Project description:Following an explosion of studies of silicon as a negative electrode for Li-ion batteries, the anomalous volumetric changes and fracture of lithiated single Si particles have attracted significant attention in various fields, including mechanics. However, in real batteries, lithiation occurs simultaneously in clusters of Si in a confined medium. Hence, understanding how the individual Si structures interact during lithiation in a closed space is necessary. Here, we demonstrate physical and mechanical interactions of swelling Si structures during lithiation using well-defined Si nanopillar pairs. Ex situ SEM and in situ TEM studies reveal that compressive stresses change the reaction kinetics so that preferential lithiation occurs at free surfaces when the pillars are mechanically clamped. Such mechanical interactions enhance the fracture resistance of lithiated Si by lessening the tensile stress concentrations in Si structures. This study will contribute to improved design of Si structures at the electrode level for high-performance Li-ion batteries.
Project description:In order to make fast-charging batteries a reality for electric vehicles, durable, more energy dense and high-current density resistant anodes need to be developed. With such purpose, a low lithiation potential of 0.2 V vs. Li/Li(+) for MoO3 nanoplatelet arrays is reported here for anodes in a lithium ion battery. The composite material here presented affords elevated charge capacity while at the same time withstands rapid cycling for longer periods of time. Li2MoO4 and Li(1.333)Mo(0.666)O2 were identified as the products of lithiation of pristine MoO3 nanoplatelets and silicon-decorated MoO3, respectively, accounting for lower than previously reported lithiation potentials. MoO3 nanoplatelet arrays were deposited using hot-wire chemical vapor deposition. Due to excellent voltage compatibility, composite lithium ion battery anodes comprising molybdenum oxide nanoplatelets decorated with silicon nanoparticles (0.3% by wt.) were prepared using an ultrasonic spray. Silicon decorated MoO3 nanoplatelets exhibited enhanced capacity of 1037 mAh g(-1) with exceptional cyclability when charged/discharged at high current densities of 10 A g(-1).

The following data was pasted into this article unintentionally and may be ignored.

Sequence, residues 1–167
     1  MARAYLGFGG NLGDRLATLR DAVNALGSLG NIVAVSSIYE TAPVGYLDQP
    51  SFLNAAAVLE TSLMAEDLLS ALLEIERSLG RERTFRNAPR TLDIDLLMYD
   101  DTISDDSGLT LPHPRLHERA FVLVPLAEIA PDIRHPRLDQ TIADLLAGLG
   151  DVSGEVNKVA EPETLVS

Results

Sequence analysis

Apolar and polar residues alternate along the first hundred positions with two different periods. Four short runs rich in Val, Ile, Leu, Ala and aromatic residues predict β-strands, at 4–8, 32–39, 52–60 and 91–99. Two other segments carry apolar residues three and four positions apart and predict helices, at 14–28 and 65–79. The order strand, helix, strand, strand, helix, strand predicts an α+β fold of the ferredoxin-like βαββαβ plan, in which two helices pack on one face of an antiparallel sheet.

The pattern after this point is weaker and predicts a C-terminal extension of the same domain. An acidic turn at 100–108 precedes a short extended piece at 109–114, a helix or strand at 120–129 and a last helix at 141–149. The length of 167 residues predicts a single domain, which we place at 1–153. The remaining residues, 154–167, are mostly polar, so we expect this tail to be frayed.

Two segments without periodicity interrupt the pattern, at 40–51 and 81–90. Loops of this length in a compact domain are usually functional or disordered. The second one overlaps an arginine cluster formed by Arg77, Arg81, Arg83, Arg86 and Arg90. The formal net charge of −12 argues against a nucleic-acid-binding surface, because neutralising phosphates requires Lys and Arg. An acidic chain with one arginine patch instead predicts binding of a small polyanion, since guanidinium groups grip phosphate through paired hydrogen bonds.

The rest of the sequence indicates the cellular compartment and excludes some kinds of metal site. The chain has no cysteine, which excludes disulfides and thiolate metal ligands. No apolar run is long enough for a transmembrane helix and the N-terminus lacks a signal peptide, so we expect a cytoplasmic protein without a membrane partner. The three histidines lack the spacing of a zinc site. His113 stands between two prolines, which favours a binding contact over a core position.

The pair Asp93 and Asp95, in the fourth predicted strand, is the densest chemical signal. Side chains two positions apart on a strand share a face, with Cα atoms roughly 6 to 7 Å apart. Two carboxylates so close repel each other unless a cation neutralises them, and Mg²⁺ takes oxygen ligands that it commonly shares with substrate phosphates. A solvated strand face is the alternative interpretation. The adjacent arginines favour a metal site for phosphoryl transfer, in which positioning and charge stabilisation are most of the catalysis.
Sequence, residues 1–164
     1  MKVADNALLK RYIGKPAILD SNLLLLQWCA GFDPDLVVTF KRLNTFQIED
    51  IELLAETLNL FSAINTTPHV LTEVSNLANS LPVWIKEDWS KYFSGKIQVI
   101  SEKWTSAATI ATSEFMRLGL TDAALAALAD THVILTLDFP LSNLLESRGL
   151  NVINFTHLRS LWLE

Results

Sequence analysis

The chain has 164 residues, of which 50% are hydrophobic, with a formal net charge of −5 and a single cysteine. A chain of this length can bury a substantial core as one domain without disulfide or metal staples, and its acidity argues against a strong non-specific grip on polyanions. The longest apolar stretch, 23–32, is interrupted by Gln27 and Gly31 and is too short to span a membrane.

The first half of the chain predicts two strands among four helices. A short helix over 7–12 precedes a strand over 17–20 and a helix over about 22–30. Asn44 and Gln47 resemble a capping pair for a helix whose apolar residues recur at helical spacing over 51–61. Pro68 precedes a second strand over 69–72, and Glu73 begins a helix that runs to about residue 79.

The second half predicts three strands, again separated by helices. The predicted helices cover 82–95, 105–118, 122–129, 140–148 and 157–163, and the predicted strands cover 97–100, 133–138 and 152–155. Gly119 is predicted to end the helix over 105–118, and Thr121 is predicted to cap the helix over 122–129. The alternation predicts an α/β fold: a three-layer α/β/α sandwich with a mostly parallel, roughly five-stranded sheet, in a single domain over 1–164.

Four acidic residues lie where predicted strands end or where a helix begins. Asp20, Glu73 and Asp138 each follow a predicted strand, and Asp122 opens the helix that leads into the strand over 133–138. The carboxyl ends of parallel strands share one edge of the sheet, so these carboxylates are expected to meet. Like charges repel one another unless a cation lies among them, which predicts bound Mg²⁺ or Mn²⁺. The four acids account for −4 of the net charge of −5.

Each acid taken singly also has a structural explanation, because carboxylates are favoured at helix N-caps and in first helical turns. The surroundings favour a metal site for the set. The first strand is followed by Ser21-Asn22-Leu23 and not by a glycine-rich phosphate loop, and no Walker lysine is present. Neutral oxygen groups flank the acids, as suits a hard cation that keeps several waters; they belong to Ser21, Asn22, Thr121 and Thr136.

Project description:As opposed to the common understanding that diffusion into a cubic-structured single crystal is independent of its crystalline orientation, the diffusion of Li to crystalline Si (c-Si) is anisotropic, which acts as the major cause for the fracture of Si anodes in Li-ion batteries. Here, by conducting comprehensive/multi-scale simulation studies based on molecular dynamics and density functional theory, we elucidate how and why Li diffusion in c-Si is anisotropic. We found that Li ions diffuse to c-Si by following a particular atomic-scale space corresponding to the lowest value of the valence orbital in c-Si, causing Li ions to take a tortuous diffusion pathway. The degree of the tortuosity of the pathway differs depending on the crystallographic orientation of Si, and it acts as the major cause for anisotropic lithiation. We also develop a structural parameter that can quantitatively evaluate the orientation dependency of the lithiation of c-Si.